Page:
COPENHAGEN - President Obama may have improved his chances for passing global warming legislation in the Senate by forging an interim international agreement here that puts both rich and poor countries on a path to curtail greenhouse gas emissions.
The Copenhagen Climate Accord was engineered by the US and BASIC countries, that is, Brazil, South Africa, India and China. Considering that despite being a major polluter the US has stayed out of UN negotiations on climate change and that emerging economies were not part of the policy-making process, it is good that climate talks have now become more inclusive.
The negotiations ended on Friday with the conclusion that emission cuts will be open to international review. Obama still has much to do both to sell the Copenhagen Accord internationally and move climate legislation on Capitol Hill. Conservative Republicans and longtime industry opponents quickly savaged the agreement as a toothless failure. And many other moderates that Obama likely will need to pass a climate bill remained far from convinced the international deal has any merit.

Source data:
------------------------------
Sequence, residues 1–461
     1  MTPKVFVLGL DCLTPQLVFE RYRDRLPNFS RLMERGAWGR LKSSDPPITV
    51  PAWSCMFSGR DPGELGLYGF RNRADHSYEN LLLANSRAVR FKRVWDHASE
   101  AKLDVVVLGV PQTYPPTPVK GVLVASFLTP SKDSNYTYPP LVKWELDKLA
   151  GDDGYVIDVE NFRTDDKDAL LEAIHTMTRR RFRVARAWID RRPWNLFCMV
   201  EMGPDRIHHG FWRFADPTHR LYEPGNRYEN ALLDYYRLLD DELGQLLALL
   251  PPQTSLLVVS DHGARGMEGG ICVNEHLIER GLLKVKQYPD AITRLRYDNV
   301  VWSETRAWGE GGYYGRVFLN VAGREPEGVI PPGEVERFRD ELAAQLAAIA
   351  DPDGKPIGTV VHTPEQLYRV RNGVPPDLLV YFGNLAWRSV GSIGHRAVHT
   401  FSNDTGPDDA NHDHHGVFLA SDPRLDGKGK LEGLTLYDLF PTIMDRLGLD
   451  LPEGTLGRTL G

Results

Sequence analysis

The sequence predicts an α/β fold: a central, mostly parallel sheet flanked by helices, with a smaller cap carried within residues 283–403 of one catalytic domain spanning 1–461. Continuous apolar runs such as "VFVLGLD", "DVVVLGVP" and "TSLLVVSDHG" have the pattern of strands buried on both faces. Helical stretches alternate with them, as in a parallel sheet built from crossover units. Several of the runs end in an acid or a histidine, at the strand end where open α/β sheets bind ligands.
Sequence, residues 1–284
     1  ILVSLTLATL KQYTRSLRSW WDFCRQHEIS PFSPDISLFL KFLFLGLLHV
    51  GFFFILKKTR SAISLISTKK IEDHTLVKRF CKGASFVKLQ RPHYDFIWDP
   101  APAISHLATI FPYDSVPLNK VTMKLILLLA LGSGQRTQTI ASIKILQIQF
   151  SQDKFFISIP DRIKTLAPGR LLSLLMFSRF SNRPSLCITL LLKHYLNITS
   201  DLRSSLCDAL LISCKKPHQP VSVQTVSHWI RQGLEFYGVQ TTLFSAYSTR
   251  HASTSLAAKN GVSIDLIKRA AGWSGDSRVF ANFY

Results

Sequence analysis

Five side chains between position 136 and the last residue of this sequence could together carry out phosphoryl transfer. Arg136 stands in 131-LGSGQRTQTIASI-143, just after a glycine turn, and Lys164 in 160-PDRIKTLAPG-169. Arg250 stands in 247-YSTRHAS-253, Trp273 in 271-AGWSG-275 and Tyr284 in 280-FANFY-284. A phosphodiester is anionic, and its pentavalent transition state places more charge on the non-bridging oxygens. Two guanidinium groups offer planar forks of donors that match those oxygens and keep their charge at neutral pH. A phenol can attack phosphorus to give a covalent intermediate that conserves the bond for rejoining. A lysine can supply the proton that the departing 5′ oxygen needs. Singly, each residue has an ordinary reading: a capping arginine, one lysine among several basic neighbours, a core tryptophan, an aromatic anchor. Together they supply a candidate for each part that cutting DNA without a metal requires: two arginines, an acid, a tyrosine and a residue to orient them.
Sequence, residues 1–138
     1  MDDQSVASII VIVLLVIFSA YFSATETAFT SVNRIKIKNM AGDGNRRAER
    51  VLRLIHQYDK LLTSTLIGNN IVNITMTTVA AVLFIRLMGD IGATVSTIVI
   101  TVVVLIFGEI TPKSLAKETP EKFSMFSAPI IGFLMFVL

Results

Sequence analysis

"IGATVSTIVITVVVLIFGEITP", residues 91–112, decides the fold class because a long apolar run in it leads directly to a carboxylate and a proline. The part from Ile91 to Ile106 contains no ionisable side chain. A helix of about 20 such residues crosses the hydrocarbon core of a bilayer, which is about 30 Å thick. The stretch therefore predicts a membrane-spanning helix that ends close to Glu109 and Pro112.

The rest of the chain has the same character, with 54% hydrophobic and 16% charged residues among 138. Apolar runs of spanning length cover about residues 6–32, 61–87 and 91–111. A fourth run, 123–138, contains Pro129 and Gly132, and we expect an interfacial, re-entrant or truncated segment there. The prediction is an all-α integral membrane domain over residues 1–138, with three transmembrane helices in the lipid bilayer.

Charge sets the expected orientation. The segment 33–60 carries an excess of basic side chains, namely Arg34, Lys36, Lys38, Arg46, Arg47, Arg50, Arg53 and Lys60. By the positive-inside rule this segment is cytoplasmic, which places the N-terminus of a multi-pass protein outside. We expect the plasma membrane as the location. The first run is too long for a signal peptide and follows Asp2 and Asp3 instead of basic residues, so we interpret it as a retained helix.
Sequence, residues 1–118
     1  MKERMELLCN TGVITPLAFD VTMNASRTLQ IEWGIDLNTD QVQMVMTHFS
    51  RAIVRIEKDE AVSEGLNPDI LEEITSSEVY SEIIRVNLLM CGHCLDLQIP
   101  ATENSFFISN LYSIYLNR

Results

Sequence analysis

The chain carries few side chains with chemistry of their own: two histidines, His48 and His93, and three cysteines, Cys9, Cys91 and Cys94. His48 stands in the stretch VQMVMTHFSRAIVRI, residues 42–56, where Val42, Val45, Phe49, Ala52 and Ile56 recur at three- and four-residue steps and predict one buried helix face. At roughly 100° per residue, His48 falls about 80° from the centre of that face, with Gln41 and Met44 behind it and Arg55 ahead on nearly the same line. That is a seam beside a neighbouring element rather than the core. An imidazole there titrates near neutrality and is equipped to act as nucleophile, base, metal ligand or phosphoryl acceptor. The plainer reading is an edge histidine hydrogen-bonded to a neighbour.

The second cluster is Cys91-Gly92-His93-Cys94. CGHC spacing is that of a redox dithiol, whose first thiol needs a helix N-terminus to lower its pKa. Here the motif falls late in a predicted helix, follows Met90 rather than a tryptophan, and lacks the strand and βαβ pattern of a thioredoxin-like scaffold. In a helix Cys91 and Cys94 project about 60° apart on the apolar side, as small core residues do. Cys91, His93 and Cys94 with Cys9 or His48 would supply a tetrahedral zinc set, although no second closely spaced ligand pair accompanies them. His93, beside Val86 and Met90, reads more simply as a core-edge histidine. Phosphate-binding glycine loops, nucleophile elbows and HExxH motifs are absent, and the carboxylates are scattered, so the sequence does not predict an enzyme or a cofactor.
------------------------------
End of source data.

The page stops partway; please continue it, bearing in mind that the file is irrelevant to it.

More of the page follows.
Even if the intentions are clear, a way towards achieving it is far more clear . What are the quantifiable targets for rich countries to reduce emissions? What is the time frame? How will the UN ensure that the promised $30 billion between 2010-2012 and the $100 billion a year from 2020 onwards as assistance from the rich to poor countries (announced by the US, not the UN) are deposited in the fund and disbursed equitably? The deal acknowledges that countries need to work towards limiting global temperatures but experts say that the accord has long way to go. We are more likely to see a rise in global temperature because the accord is not an implementation yet.